Wild Gladiolus – Gladiolus illyricus
by Tony Hall
The wild gladiolus is a very showy plant, that really stands out with its spike of magenta or deep pink coloured flowers.
The plant grows from a corm, which like a bulb is the plant's underground storage organ but differs by forming as a swollen stem base. Each corm produces mainly basal leaves that are flat and sword-like, broad and with a pointed tip, produced in a fan-like arrangement.
Up to ten flowers are produced along a tall spike, between 40 and 60cm tall, with the inflorescence one-sided, but the flowers face in two directions. These open from the bottom upwards, and the first flowers open are usually already fading before the upper flowers are open. Each flower is made up of six unequal petals. The uppermost petal is the largest, followed by the two below and either side of it. These three petals are unmarked. The lower three petals all have a pale pink or white central streak, with a darker band around it.They grow in a wide variety of conditions, from grassy meadows, to stony areas and in amongst the garrigue, from March to June.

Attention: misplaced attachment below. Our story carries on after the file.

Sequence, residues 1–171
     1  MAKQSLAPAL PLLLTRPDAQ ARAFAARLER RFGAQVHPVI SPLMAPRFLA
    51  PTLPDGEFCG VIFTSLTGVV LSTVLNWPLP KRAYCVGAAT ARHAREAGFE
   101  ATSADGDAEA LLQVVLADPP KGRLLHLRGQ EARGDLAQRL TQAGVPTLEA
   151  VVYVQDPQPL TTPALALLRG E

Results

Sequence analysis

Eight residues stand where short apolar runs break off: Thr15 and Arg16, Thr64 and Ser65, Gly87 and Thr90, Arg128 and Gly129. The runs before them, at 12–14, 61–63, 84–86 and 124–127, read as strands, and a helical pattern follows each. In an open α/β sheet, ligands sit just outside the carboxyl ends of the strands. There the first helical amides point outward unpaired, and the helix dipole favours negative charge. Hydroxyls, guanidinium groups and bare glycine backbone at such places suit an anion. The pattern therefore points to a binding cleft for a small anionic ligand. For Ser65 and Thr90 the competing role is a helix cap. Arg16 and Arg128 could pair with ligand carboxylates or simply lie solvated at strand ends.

Tony Hall, Manager of the Arboretum and Gardens at the Royal Botanic Gardens, Kew, specialising in the plants of Andalucía.